Peacekeepers kill 60 militiamen as UN pledges tougher stance in Congo

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The Independent Online

United Nations peacekeepers have killed up to 60 militiamen in a gun battle in the Democratic Republic of Congo in the wake of an ambush in which19 soldiers from Bangladesh were killed and mutilated last week.

United Nations peacekeepers have killed up to 60 militiamen in a gun battle in the Democratic Republic of Congo in the wake of an ambush in which19 soldiers from Bangladesh were killed and mutilated last week.

The clash between the UN forces and the Lendu fightersoutside Bunia on Tuesday was the deadliest operation in the organisation's six-year mission in Congo. The UN had sent in more than 200 Pakistani soldiers, backed by an attack helicopter and armoured vehicles. Two peacekeepers were wounded and have been airlifted to South Africa.

Militiamen from the Lendu Nationalist and Integrationist Front have been attacking villages of the rival Hema tribe for several years. A UN spokesman Eliane Nabaa said: "The group continues to loot, kill and rape these people, making life miserable. It's time to put an end to this militia." Humanitarian groups believe that since 1999, fighting in the violent, lawless north-eastern district of Ituri has killed more than 50,000 people and forced another 500,000 to flee their homes.

UN peacekeepers in the Congo have been criticised for years for being ineffective; in 2003 and 2004, they were defeated by militia groups that then went on to murder hundreds of civilians. The UN head of mission, William Lacy Swing, said this week's battles indicated a harder line from the organisation in its mission to bring peace and stability to the country. "Yes, we will be more active and more robust in carrying out the protection mandate," he told Reuters.

That mission has recently been undermined by a sex scandal, where women and girls from camps in Bunia accused peacekeepers of raping them or trading food for sex. A UN inquiry found that peacekeepers had abused girls as young as 13, and admitted that the abuse had destroyed the local people's trust in the UN mission. Now, the UN says that it is determined to continue fighting the militias and to dismantle their camps hidden deep inside the nearby mountains. Jean- Francois Collot d'Escuries, chief of staff for UN troops in Congo, told reporters: "Our forces will keep putting pressure on the ground until these militia are dismantled entirely."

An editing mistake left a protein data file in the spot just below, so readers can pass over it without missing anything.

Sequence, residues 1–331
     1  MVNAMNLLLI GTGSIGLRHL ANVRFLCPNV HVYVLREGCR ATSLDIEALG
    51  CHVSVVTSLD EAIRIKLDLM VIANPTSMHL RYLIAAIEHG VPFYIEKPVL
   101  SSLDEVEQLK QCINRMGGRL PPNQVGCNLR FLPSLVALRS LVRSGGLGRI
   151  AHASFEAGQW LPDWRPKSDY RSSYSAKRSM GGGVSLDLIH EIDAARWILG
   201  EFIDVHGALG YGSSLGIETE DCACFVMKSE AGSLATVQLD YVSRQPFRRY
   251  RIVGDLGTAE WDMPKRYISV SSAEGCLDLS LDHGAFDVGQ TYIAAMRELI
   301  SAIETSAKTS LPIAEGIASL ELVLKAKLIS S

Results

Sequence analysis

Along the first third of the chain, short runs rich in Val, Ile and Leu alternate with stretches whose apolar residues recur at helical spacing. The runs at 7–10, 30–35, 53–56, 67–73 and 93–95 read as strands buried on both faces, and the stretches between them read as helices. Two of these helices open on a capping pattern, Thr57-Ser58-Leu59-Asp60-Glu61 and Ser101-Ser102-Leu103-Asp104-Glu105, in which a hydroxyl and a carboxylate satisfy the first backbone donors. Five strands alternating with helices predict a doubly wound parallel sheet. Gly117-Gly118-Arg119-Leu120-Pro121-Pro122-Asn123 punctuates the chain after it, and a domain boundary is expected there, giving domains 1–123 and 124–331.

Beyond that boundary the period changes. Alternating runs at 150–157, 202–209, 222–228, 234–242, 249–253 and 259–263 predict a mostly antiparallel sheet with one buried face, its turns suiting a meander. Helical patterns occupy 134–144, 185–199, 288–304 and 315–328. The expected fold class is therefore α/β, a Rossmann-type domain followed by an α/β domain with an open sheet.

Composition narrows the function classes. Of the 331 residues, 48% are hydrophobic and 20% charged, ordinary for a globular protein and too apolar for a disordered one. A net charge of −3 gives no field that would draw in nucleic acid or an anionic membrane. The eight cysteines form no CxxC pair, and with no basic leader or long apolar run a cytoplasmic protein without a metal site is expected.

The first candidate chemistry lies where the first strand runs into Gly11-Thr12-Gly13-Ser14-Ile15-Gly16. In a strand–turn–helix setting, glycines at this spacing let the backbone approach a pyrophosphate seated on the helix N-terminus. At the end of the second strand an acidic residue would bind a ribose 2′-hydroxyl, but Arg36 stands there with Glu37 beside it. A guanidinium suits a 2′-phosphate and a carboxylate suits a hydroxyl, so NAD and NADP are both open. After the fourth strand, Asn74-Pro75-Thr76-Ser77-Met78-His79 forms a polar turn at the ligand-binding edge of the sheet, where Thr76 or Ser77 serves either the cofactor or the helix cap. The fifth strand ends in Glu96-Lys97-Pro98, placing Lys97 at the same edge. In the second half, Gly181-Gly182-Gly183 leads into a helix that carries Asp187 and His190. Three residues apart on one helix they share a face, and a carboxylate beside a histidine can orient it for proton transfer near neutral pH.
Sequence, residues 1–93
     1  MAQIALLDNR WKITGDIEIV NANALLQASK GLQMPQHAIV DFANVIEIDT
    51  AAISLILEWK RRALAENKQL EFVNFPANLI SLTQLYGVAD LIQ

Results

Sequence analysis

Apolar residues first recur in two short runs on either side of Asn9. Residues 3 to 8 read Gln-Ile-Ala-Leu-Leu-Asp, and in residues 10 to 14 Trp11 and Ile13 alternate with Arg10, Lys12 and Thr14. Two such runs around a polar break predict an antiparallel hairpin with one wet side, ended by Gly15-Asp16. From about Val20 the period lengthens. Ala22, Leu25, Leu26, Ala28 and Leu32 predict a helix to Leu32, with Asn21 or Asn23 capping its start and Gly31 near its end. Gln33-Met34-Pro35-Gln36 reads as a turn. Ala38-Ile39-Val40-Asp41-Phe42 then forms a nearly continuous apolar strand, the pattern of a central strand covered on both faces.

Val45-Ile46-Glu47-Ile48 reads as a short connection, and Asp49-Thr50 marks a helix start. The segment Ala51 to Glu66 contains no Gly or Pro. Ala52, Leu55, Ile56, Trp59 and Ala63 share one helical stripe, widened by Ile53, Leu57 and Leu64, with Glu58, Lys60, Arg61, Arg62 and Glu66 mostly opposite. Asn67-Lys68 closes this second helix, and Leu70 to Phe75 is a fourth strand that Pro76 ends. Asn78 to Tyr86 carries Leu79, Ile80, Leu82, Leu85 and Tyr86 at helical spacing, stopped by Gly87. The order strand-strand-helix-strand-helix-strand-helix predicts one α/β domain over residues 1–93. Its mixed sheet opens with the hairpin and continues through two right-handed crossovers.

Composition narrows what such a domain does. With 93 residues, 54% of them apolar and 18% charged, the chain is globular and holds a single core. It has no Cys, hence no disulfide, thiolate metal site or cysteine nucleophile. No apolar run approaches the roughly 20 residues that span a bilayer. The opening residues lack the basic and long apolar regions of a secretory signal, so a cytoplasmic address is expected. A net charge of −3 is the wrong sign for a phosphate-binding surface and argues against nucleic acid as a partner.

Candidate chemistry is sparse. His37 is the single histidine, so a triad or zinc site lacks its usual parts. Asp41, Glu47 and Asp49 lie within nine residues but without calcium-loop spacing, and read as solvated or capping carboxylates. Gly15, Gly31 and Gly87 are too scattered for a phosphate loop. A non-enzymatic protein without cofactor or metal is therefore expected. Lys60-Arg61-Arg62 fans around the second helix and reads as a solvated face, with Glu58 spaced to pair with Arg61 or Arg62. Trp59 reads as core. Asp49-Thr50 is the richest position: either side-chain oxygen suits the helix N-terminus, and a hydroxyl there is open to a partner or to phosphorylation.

The UN had sent peacekeepers to remote areas to provide food and shelter for people who had fled their homes, but the organisation has now said it will have to suspend humanitarian assistance to 54,000 people in the region as the area is becoming more violent.

Leaders of the Lendu community accused the UN of seeking revenge for the killing of the Bangladeshi peacekeepers. One community leader, Batsi Thewi, said at least three women and several children had been attacked. He added: "Yesterday our people were attacked by armoured cars and from the air. Bombs were dropped on civilian areas. Bodies have been burnt inside houses. Buildings have been crushed by armoured cars."

The UN's mission in Congo, made up of 16,000 personnel from 100 different countries, is its largest peacekeeping operation. The country has sufferedfive years of civil war that killed nearly four million people. Elections were scheduled for June but they have now been postponed until October because of the continuing violence.

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